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Senior executives at large companies often attend intensive advanced
management programs through local universities. Aside from the actual
knowledge that they pick up in these courses, the participants usually
find that the real value comes from getting to know other business
people in entirely different industries.
You know you’ve got a great team when employees act selflessly to make
others look good. If they spread credit around and coach each other to
improve, then it’s clear they measure their success as a
high-performing unit, not as lone wolves out to prove something.
But one obstructionist can ruin an otherwise great team. An individual
who prefers to withhold information, hinder investigations or sabotage
team projects can undermine any gains you’ve made in encouraging trust
Everyone knows that change is constant. That’s why I’m not a big fan of
discussing it endlessly in meetings, task forces and huddles in the
Q. I’m a 28-year-old female vice
president. I’ve been at this company for five-plus years. My bosses
live and work at our affiliate company in Brazil. When I send e-mails
or memos explaining a problem, solution and repercussions if we don’t
act, I get no reply. I know they receive my messages. I feel as though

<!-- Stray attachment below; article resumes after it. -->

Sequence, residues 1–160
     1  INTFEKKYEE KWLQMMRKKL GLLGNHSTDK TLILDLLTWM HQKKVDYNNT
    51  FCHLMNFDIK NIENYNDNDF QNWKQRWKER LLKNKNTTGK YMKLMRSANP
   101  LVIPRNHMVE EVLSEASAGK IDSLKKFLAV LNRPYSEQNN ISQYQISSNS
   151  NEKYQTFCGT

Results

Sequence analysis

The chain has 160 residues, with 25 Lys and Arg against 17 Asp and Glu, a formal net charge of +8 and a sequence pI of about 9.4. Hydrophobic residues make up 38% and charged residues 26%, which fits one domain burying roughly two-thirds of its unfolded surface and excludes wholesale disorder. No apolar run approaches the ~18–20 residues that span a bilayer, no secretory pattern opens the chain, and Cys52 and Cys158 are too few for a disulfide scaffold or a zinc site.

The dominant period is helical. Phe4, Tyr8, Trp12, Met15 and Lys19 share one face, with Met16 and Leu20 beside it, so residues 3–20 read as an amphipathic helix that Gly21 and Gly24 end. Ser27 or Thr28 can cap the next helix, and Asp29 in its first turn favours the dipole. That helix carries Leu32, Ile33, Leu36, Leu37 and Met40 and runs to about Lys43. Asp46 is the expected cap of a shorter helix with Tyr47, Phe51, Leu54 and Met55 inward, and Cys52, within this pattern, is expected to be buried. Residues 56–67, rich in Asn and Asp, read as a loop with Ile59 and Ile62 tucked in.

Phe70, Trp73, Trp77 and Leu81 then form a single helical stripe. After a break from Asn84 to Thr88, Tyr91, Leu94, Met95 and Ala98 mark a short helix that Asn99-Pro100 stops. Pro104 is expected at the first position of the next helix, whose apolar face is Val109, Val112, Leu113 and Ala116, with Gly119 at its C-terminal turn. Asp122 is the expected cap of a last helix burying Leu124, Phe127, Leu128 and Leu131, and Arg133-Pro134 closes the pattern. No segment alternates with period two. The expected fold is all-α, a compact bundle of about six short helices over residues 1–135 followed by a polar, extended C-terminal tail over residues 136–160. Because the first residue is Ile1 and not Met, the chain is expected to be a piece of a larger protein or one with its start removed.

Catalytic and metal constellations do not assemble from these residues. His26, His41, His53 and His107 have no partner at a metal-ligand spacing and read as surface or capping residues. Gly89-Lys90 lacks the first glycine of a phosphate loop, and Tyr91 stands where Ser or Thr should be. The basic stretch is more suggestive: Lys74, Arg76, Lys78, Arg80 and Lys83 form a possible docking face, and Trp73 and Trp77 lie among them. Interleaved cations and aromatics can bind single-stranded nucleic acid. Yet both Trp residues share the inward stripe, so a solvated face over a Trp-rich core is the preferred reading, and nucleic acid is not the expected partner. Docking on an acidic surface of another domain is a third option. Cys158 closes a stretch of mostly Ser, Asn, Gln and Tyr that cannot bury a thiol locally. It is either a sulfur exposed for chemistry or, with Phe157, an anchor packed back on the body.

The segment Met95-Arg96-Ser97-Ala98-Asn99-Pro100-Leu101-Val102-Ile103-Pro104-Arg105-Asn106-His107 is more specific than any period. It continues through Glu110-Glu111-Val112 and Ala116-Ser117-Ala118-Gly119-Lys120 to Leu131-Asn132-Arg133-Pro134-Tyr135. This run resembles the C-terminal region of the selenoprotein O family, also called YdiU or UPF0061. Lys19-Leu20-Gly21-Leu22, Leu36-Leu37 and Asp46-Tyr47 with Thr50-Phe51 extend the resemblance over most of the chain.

they treat me like a receptionist instead of their VP!
Larry Stupski served as vice chairman of Charles Schwab & Co., a
discount brokerage firm known for its innovative products and service.
Now retired, Stupski is chairman of Jobs for California Graduates, a
nonprofit mentoring program for disadvantaged youth. Stupski is living
proof that it pays to find a wise, insightful guide to help you sharpen
your skills and chart a successful career path.
When managing your employees, you may find it hard not to boss them around. But if you try to overmanage them, they may rebel.
You like to tell your team, “I’m here to help and answer any questions.” That’s fine. But some people will more than accept your offer of assistance: they’ll enlist you to do their work for them.
Federal law says you can mandate overtime, provided you aren’t in an
industry in which work hours are regulated (such as truck-driving).
Before you fire someone who refuses to work overtime, study how you’ve
treated similar situations.
Before letting a temp go, ask for input on a workflow issue.
Sometimes the most seemingly harmless, pliant employees can surprise
you. You may think you can rely on them to mean what they say. Then you